My favorite question to ask Christians is how they came to trust in Christ. The answers I've heard testify to the diverse experiences God uses to bring people into a relationship with himself. Most commonly, people say they trusted him as a child at camp or at Sunday school or while praying with a parent. They often follow with something like, "But my faith really became my own when I was a junior in high school."
How are we to understand this variety of experiences and the apparent two-stage process many seem to undergo in arriving at saving faith?
The term saved is popularly used to refer to regeneration and justification. But when the Bible uses the word salvation in a spiritual sense, it describes the broad range of God's activity in rescuing people from sin and restoring them to a right relationship with himself. Salvation in the Bible thus has past, present, and future tenses. A believer has been saved from the guilt of sin (justification, see Eph. 2:8), is being saved from the power of sin (sanctification, see 1 Cor. 1:18), and will be saved from the judgment and presence of sin (glorification, see Acts 15:11).
While the subjective experience of being saved may look very different from person to person, the objective state of being saved is definite and absolute. From God's perspective, there is a definitive point in time when those who have trusted in Christ pass from death into life (1 John 3:14).
Whether or not one can remember the moment of spiritual rebirth, it is a miracle that initiates a number of new realities. Through the work of the Holy Spirit in regeneration, the spiritually dead person is made alive in Christ (Titus 3:5). The convert's filthy rags of self-righteousness have been traded for the perfect righteousness of Christ (Phil. 3:8-9). He or she can cease striving to be justified, resting instead in the finished work of Christ (Phil. 2:8-9). As Paul writes, "There is therefore now no condemnation for those who are in Christ Jesus" (Rom. 8:1). The believer has "crossed over from death to life" (John 5:24), which means the person can "have confidence on the day of judgment" (1 John 4:17).
Much of American Protestantism has been influenced by revivalism, which places great emphasis on "making a decision for Christ" in a public, definitive way. These "moments of decision" often become the crucial evidence that one is saved. Other Protestant traditions, less influenced by revivalism (including some Reformed and Lutheran churches), may be content to leave the conversion experience unclearly identified, putting the focus on identification with the church. Both of these traditions have benefits, as well as potential problems.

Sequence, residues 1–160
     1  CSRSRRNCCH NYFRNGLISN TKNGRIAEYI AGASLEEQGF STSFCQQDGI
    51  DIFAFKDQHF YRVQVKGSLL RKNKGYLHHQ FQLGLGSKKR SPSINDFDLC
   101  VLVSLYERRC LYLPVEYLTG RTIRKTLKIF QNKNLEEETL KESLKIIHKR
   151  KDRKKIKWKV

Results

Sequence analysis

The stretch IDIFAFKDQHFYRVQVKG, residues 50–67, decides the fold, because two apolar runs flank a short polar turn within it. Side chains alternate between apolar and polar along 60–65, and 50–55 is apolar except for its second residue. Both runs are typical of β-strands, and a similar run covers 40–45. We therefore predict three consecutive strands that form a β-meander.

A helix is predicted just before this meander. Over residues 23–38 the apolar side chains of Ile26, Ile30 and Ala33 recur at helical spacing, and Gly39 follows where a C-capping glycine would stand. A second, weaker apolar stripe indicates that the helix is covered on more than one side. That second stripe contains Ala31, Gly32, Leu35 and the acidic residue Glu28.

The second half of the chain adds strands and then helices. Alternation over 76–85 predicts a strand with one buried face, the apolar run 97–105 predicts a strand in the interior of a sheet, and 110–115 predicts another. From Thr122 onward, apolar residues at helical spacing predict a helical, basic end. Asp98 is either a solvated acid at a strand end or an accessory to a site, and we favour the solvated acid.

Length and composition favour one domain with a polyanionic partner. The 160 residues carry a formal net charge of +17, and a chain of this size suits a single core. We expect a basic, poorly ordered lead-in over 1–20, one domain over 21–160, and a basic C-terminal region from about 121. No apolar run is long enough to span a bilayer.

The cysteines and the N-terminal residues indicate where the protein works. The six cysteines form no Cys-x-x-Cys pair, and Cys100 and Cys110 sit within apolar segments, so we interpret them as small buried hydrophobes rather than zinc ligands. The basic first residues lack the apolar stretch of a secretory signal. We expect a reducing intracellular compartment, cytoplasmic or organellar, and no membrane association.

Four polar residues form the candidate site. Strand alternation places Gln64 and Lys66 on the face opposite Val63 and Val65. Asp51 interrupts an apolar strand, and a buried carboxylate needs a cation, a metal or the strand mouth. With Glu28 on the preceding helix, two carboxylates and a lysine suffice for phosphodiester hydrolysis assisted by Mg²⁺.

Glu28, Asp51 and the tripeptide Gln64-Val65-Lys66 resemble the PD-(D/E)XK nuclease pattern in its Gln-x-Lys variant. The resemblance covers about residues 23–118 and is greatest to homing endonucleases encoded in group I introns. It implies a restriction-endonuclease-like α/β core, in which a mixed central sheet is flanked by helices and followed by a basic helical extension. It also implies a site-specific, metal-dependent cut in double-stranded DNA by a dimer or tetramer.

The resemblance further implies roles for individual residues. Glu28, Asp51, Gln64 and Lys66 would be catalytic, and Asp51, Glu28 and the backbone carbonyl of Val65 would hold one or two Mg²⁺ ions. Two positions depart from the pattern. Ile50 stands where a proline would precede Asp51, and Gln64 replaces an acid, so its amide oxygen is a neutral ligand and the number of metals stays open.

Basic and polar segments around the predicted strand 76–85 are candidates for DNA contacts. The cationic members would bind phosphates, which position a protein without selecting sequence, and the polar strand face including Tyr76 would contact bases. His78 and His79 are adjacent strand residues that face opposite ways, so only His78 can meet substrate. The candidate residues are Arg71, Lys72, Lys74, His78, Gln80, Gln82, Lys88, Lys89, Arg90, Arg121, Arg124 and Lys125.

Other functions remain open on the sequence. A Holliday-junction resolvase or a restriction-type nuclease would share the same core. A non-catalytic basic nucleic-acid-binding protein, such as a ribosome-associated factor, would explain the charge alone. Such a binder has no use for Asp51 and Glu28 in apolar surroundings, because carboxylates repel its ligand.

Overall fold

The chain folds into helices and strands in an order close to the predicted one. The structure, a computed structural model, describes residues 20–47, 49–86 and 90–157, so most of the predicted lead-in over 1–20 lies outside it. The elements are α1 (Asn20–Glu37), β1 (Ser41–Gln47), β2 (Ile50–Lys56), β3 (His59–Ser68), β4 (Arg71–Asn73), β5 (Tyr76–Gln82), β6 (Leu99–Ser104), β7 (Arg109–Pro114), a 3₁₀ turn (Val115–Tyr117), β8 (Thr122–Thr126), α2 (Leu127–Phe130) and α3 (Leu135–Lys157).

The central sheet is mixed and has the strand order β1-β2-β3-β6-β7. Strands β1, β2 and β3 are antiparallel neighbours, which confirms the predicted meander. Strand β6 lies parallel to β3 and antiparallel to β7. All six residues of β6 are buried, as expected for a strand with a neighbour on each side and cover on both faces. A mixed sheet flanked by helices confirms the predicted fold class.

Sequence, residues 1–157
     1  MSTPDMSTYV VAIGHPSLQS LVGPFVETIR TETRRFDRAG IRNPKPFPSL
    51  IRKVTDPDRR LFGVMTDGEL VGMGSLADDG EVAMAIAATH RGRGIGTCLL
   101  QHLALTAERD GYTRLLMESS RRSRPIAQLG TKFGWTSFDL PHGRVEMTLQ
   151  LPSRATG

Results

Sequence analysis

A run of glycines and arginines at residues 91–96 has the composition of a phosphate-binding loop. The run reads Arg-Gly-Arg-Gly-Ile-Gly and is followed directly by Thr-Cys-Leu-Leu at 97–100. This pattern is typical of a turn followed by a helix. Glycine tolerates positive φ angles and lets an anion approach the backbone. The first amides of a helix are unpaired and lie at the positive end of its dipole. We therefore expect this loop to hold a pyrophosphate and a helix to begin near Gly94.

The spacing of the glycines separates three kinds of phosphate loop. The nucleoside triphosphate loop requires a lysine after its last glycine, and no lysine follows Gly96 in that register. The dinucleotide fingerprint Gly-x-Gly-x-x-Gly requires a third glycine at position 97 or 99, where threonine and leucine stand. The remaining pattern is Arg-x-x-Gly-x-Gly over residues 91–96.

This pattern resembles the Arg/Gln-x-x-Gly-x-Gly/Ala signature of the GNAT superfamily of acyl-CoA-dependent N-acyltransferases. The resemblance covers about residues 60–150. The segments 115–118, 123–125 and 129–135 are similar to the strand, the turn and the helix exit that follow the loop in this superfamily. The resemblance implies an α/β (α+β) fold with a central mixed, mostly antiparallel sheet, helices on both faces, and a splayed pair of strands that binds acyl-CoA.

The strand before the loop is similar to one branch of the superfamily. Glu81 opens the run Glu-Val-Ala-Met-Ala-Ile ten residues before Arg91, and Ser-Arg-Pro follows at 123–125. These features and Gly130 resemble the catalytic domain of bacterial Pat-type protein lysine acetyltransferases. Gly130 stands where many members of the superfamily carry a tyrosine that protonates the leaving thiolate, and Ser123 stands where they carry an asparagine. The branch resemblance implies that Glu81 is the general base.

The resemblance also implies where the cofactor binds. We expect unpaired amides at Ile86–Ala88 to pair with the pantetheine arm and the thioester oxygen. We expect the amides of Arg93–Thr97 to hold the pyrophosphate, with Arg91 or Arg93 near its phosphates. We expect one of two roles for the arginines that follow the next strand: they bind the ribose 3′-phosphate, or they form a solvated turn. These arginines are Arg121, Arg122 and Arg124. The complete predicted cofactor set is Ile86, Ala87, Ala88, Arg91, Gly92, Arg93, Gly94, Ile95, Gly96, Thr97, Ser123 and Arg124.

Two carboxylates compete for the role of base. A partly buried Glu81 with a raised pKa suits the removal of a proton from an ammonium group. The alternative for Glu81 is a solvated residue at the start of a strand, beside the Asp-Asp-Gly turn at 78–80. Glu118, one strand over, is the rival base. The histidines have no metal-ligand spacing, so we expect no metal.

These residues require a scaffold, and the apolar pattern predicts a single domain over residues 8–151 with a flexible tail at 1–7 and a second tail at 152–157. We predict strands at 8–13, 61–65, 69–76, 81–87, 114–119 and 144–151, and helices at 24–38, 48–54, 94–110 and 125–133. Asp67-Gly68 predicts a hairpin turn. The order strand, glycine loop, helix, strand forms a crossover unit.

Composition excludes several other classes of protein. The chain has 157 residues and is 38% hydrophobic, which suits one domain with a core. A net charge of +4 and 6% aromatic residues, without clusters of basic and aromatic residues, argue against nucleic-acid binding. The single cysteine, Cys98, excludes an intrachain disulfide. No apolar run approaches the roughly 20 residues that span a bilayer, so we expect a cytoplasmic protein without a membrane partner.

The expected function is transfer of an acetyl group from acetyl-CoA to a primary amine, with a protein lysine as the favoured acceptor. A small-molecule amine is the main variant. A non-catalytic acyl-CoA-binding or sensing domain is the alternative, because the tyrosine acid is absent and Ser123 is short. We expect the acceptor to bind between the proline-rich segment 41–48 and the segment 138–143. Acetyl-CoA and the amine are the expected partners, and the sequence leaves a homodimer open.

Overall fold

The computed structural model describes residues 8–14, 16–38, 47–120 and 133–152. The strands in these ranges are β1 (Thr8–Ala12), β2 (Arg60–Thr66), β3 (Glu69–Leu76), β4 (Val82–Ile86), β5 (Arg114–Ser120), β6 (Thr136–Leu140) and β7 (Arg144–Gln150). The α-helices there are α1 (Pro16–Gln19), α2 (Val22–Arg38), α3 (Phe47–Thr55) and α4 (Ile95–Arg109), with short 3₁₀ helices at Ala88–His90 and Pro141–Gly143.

The decision approach rightly emphasizes the need for a personal commitment to Jesus Christ and the idea that regeneration takes place at a specific time. The potential downside is that this view can lead to a simplistic, human-centered understanding of being saved, where one depends too heavily on the specific act of trusting Christ as the primary evidence of conversion. As a result, one can doubt the "decision" was real, leading to numerous journeys down the aisle (just in case). Also, one can depend on the walk down the aisle alone, even in the absence of spiritual fruit.
On the other hand, Reformed traditions appreciate the sovereignty of God and the role of the church in the salvation process. Yet they can leave conversion so vague that the need for personal trust in Christ and a changed life is neglected.
We must allow for the varied experiences God uses to bring people to himself. As C. H. Spurgeon said, "The Spirit calls men to Jesus in diverse ways. Some are drawn so gently that they scarcely know when the drawing began, and others are so suddenly affected that their conversion stands out with noonday clearness."
For those who question their salvation, the best evidence is not the memory of having raised a hand or prayed a prayer. Nor is it having been baptized or christened. The true test of the authentic work of God in one's life is growth in Christ-like character, increased love for God and other people, and the fruit of the Spirit (Gal. 5:22-25; James 2:18). A memorable conversion experience may serve as an important referent to God's saving work in one's life. But the ongoing work of the Holy Spirit in making a person more like Jesus is the clearest indicator that one has been made a new creation in Christ.
Erik Thoennes is associate professor of theology at Talbot School of Theology, Biola University.
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